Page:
AS CALIFORNIA’S ECONOMY skyrocketed during the 20th century, its land headed in the opposite direction. A booming agricultural industry in the state’s San Joaquin Valley, combined with punishing droughts, led to the over-extraction of water from aquifers. Like huge, empty water bottles, the aquifers crumpled, a phenomenon geologists call subsidence. By 1970, the land had sunk as much as 28 feet in the valley, with less-than-ideal consequences for the humans and infrastructure above the aquifers.
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Situation in Mead, Nebraska, where AltEn has been processing seed coated with fungicides and insecticides, is a warning sign, experts say
President-elect Joseph R. Biden Jr. has promised to help communities prepare for the effects of climate change. A new demand for tougher building standards could test that commitment.
Climate change raises the risk from failing sewage systems. So Catherine Coleman Flowers is working for a new way to deal with waste.
n hour before sundown on Dec. 2, Lilly Ford and her family heard a “strange, low rumble” outside of her home in Haines, Alaska. It lasted about a minute as a 600-foot-wide slurry of timber, mud, soil and debris cascaded down a nearby mountain, through a residential area, and into the ocean.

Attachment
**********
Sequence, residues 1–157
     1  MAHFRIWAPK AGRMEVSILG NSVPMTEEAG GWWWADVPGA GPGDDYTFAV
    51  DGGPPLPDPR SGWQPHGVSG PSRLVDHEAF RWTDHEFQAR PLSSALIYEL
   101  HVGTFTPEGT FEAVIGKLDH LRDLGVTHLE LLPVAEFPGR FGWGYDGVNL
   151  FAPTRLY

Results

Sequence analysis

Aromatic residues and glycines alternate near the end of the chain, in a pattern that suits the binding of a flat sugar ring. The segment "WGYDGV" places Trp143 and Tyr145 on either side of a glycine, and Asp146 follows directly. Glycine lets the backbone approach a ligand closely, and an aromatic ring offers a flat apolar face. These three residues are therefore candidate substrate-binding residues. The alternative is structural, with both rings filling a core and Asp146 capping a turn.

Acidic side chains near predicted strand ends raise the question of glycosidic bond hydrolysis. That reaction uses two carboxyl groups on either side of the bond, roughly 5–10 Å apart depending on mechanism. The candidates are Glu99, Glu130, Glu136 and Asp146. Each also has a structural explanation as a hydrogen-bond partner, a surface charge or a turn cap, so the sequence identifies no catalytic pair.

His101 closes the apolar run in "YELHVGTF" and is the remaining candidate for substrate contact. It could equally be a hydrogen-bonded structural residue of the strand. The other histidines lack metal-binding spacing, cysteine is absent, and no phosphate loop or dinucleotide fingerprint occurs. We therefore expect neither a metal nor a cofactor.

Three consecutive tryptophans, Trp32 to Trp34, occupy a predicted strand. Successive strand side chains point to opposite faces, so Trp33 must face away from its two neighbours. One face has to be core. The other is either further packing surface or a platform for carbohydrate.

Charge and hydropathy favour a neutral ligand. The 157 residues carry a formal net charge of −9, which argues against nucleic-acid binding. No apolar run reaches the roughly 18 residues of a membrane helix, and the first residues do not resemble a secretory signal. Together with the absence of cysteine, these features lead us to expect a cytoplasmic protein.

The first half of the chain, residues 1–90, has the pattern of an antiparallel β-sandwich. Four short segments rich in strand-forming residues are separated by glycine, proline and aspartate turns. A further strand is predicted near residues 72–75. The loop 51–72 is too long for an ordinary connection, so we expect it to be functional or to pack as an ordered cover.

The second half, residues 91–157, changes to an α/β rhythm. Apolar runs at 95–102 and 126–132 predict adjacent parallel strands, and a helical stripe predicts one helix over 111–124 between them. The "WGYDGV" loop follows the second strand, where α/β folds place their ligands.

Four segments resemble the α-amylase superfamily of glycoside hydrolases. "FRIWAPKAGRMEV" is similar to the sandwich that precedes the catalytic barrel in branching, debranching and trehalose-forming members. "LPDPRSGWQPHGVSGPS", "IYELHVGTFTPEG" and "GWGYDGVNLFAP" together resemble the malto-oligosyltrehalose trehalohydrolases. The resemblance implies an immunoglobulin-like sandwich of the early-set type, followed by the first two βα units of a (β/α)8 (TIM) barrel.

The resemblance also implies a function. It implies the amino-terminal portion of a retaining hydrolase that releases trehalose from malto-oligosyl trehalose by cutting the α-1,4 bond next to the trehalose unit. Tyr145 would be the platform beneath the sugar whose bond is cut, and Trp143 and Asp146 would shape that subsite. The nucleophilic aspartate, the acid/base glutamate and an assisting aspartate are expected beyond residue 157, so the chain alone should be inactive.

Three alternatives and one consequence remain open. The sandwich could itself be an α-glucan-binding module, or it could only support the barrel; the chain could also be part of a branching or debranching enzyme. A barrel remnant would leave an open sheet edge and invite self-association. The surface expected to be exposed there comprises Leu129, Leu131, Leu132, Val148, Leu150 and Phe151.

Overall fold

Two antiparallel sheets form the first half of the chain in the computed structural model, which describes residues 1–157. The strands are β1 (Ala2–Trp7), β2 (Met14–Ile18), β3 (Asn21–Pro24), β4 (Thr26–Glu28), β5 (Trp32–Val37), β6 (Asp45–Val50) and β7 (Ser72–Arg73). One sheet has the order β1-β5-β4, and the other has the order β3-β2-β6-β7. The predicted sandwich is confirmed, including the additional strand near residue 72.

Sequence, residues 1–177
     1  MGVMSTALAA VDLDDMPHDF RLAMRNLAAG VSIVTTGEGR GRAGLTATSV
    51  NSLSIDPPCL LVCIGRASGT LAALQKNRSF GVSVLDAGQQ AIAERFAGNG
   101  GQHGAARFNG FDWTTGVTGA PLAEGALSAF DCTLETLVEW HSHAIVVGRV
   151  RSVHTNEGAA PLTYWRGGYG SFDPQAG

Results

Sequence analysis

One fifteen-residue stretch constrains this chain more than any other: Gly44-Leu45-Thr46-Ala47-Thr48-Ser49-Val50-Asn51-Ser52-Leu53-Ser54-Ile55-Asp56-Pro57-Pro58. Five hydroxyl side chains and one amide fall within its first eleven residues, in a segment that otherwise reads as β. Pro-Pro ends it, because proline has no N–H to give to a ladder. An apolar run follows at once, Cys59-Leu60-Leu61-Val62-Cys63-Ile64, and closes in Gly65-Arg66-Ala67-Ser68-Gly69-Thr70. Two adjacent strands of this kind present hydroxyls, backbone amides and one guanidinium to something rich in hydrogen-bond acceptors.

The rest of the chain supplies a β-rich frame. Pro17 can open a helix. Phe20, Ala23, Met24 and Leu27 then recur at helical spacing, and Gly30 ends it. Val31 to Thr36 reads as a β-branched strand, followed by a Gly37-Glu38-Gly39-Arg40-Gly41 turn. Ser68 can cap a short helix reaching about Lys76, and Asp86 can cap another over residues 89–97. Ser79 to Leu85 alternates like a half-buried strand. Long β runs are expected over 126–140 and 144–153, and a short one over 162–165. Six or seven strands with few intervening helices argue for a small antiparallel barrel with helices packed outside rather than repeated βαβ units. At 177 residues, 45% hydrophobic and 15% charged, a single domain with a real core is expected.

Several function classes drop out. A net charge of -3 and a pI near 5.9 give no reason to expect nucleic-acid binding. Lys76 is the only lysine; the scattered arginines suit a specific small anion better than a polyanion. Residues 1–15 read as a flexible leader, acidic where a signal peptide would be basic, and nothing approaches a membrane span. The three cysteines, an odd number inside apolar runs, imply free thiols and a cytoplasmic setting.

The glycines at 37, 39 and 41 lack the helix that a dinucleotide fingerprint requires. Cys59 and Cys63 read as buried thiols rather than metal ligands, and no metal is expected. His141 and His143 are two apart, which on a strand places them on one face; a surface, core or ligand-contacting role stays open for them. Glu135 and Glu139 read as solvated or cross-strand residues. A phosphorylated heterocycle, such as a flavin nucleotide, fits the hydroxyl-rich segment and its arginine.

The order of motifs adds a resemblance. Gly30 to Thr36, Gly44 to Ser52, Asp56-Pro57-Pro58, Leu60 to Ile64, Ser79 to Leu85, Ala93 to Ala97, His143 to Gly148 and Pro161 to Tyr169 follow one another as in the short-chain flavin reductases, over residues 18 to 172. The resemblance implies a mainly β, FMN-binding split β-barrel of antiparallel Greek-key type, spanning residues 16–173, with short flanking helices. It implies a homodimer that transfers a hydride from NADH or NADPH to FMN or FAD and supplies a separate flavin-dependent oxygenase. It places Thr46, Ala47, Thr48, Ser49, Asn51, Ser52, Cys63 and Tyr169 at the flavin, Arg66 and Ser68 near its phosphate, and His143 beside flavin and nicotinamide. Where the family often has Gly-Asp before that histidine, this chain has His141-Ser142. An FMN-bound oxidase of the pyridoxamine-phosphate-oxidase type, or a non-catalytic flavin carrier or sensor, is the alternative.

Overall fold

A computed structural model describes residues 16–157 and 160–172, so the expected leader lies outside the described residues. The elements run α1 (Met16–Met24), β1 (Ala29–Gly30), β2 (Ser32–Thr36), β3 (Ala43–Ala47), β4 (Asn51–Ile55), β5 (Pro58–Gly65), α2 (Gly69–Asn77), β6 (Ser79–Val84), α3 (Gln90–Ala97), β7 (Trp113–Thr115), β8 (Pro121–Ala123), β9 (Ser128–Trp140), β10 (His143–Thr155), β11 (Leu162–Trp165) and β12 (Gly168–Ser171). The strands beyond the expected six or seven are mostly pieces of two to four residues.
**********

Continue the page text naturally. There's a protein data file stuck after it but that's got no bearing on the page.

As a utilities planner for the City and County of San Francisco, David Behar knows that access to the latest information about sea level rise is crucial to his job — and his city.
A new tool developed with funding from NASA’s Earth Science Division helps decision makers and others assess how sea level rise and other factors will affect the frequency of high tide flooding in U.S. coastal locations in the next 50 to 100 years.
For low-income Americans, the number of homes at risk of flooding could triple by 2050, researchers say. Three Bay Area cities are among the top at-risk communities.
A new rooftop camera at Columbia University’s Lamont-Doherty Earth Observatory will help researchers study how the local forest is responding to the weather, seasonal shifts, and the changing climate.
Health workers see Vibrio as a rare danger, if they’ve heard of it at all. But it’s already causing more cases of flesh-eating disease. And it’s poised to get worse.